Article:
Previously on EV Grieve:
At the rally outside 112-120 E. 11th St.

6-building complex on East 10th Street and East 11th Street sells for $127 million

Preservationists say city ignored pitch to designate part of 11th Street as a historic district

Permits filed to demolish 5 buildings on 11th Street to make way for new hotel

New building permits filed for 13-story Moxy Hotel on East 11th Street across from Webster Hall


[112-120 E. 11th St. photo from May 2016]

Monday, September 16, 2019

Monday's parting shot



Photo on Seventh Street today by Derek Berg ...

Remembering Ric Ocasek



Fans are starting to leave tributes to Ric Ocasek outside his townhouse on East 19th Street in Gramercy Park... the photos here are courtesy of @ThingsWendySees ...





Ocasek was found in his home yesterday. According to published reports, he died of hypertensive and atherosclerotic cardiovascular disease. He was 75.

He co-founded The Cars in 1976 ... and went on to produce and record a variety of artists, including Bad Brains, Suicide, Guided by Voices and Weezer.

At the Gem Spa Cash Mob



On Saturday afternoon, friends and neighbors came together for a Cash Mob at Gem Spa on Second Avenue at St. Mark's Place.

Organized by #SaveNYC and Jeremiah Moss, the effort was to help the struggling shop make up for some back rent and the temporary loss of its lottery and cigarette sales (a now-former employee was said to sell cigarettes to an undercover minor).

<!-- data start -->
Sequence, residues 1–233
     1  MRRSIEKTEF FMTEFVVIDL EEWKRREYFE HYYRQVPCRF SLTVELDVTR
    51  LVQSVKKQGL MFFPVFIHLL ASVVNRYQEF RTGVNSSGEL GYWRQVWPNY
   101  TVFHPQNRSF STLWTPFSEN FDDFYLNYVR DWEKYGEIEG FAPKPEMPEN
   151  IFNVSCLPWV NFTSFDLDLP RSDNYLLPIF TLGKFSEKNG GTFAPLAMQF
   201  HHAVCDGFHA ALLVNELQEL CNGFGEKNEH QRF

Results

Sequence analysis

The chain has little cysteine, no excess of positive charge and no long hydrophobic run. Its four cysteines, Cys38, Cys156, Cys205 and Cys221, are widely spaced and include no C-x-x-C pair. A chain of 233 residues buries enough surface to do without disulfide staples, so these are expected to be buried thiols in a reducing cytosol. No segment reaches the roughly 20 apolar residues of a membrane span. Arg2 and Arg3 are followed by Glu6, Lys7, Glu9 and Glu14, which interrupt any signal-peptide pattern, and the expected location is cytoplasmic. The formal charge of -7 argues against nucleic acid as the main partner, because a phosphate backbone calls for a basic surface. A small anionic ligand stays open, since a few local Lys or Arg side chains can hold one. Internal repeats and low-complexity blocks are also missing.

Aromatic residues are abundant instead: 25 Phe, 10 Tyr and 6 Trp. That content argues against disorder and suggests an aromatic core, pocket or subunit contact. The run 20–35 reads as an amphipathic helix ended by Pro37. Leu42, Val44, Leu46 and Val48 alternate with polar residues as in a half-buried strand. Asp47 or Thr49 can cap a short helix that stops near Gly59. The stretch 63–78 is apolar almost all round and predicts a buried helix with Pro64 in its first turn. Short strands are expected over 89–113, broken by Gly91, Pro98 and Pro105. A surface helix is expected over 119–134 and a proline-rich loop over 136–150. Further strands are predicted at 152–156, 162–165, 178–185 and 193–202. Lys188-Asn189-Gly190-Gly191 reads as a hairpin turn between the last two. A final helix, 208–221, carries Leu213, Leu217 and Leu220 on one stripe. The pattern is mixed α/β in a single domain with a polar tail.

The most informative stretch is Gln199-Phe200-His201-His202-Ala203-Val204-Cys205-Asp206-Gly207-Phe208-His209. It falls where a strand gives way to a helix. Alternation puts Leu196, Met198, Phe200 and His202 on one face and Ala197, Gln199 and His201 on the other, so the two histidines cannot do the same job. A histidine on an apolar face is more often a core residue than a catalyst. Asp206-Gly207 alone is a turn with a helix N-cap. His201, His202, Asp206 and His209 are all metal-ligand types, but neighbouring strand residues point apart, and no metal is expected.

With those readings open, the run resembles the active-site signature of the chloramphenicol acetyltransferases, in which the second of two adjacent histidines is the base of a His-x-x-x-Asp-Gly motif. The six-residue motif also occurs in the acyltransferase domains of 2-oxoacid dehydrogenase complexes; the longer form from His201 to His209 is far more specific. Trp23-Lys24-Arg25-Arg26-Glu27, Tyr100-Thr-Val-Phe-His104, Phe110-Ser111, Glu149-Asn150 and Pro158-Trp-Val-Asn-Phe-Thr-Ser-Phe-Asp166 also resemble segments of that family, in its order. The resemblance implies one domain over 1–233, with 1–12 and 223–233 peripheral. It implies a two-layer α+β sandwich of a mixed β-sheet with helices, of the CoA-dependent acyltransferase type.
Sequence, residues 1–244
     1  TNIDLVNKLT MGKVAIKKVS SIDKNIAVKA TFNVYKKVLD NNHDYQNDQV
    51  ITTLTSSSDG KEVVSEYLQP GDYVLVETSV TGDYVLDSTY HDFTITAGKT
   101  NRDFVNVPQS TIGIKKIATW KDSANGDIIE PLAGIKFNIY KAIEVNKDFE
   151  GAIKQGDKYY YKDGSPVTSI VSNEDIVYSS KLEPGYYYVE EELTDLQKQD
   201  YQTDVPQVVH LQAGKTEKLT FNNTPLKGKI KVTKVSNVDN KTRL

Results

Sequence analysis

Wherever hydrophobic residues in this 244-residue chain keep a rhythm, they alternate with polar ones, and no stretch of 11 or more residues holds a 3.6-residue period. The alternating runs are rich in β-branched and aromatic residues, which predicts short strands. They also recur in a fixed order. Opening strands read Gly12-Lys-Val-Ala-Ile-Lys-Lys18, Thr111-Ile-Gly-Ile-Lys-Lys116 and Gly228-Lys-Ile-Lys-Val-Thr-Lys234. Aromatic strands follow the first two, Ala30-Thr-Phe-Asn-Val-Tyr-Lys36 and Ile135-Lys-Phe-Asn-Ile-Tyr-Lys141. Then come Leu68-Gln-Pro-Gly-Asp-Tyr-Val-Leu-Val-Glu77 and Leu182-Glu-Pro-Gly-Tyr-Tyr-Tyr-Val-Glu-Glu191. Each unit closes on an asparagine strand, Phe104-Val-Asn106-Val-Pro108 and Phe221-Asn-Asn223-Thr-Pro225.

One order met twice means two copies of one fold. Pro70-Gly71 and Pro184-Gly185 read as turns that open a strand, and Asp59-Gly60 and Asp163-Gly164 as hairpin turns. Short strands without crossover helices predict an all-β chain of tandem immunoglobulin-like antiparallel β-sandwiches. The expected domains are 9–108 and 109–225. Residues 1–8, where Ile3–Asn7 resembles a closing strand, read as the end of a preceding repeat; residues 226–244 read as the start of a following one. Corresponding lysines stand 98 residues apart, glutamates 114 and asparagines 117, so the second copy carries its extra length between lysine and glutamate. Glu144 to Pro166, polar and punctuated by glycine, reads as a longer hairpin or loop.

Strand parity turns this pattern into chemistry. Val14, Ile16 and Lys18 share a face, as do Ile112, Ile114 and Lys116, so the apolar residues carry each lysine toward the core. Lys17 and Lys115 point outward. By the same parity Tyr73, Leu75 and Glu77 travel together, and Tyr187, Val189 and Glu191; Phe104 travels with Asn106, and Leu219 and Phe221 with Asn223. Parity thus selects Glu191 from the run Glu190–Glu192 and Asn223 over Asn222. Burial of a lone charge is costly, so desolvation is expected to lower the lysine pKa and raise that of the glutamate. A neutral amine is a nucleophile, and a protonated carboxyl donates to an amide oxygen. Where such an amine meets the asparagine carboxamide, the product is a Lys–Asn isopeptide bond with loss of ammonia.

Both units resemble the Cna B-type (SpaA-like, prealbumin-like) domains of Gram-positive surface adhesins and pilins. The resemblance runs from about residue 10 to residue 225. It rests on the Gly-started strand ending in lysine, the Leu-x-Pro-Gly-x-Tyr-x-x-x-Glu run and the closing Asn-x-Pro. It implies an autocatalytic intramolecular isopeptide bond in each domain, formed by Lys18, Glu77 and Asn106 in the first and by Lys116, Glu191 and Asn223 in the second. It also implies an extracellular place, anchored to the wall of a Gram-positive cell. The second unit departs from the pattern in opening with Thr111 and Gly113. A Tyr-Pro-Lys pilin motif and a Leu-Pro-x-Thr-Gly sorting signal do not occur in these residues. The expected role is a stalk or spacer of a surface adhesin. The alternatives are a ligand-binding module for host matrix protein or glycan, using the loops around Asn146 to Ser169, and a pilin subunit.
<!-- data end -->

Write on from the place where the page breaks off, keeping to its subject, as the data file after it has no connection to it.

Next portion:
From noon to 2 p.m., a steady stream of customers came through the venerable shop to buy egg creams and put in an order for a Gem Spa T-shirt (a popular item now).

As previously noted, Gem Spa was adorned with signage and logos for "Schitibank," a play on Citibank, an alleged interested party in the space. (Citi denied they had any interest in the storefront.)

EVG contributor Stacie Joy was at Gem Spa and shared these photos (and find Jeremiah Moss' recap here) ...
























[Parul Patel, daughter of owner Ray Patel]









And here's a look at some of the signage that Tommy Noonan and Doug Cameron of the design firm DCX Accelerator created pro bono for the event...







Previously on EV Grieve:
• Get your Gem Spa t-shirts or photos of Madonna — at Gem Spa! (Aug. 16)

• A July 4 moment at Gem Spa (July 4)

• Will you buy a Gem Spa T-shirt? (June 28)

• The Gem Spa Zoltar is alive and well and telling fortunes an L-train ride away in Bushwick (June 19)

• "Gem Spa is open!" (June 18)

• What is happening at Gem Spa? (June 11)

• A visit to Gem Spa (May 10)

2nd Avenue gas explosion trial enters 2nd week


[Photo from March 26, 2015 by peter radley]

The Second Avenue gas explosion trial enters its second week in Manhattan Supreme Court.

Maria Hrynenko, contractor Dilber Kukic and unlicensed plumber Jerry Ioannidis are standing trial on a variety of charges, including manslaughter and criminally negligent homicide for the March 2015 explosion at 121 Second Ave. that killed two men and injured nearly two dozen people.

They illegally tampered with the gas line at No. 121, where the restaurant Sushi Park was the retail tenant, then failed to warn those in the building before the blast, according to the Manhattan District Attorney's office. The defense is attempting to shift the blame away from the three, putting the responsibility on Con Edison and others.